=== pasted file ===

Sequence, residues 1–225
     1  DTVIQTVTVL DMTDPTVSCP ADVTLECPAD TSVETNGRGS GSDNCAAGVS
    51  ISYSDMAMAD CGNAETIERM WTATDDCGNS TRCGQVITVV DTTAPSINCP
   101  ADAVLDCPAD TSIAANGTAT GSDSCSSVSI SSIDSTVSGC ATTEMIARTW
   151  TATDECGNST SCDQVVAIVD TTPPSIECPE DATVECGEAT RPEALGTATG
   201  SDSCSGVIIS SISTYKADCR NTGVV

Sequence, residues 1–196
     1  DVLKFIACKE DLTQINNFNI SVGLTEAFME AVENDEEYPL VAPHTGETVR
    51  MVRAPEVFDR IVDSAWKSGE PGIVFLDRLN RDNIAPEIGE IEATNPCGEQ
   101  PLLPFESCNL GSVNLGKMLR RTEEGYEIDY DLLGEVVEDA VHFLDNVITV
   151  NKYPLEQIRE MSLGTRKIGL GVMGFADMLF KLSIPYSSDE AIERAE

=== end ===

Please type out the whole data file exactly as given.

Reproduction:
Sequence, residues 1–225
     1  DTVIQTVTVL DMTDPTVSCP ADVTLECPAD TSVETNGRGS GSDNCAAGVS
    51  ISYSDMAMAD CGNAETIERM WTATDDCGNS TRCGQVITVV DTTAPSINCP
   101  ADAVLDCPAD TSIAANGTAT GSDSCSSVSI SSIDSTVSGC ATTEMIARTW
   151  TATDECGNST SCDQVVAIVD TTPPSIECPE DATVECGEAT RPEALGTATG
   201  SDSCSGVIIS SISTYKADCR NTGVV

Sequence, residues 1–196
     1  DVLKFIACKE DLTQINNFNI SVGLTEAFME AVENDEEYPL VAPHTGETVR
    51  MVRAPEVFDR IVDSAWKSGE PGIVFLDRLN RDNIAPEIGE IEATNPCGEQ
   101  PLLPFESCNL GSVNLGKMLR RTEEGYEIDY DLLGEVVEDA VHFLDNVITV
   151  NKYPLEQIRE MSLGTRKIGL GVMGFADMLF KLSIPYSSDE AIERAE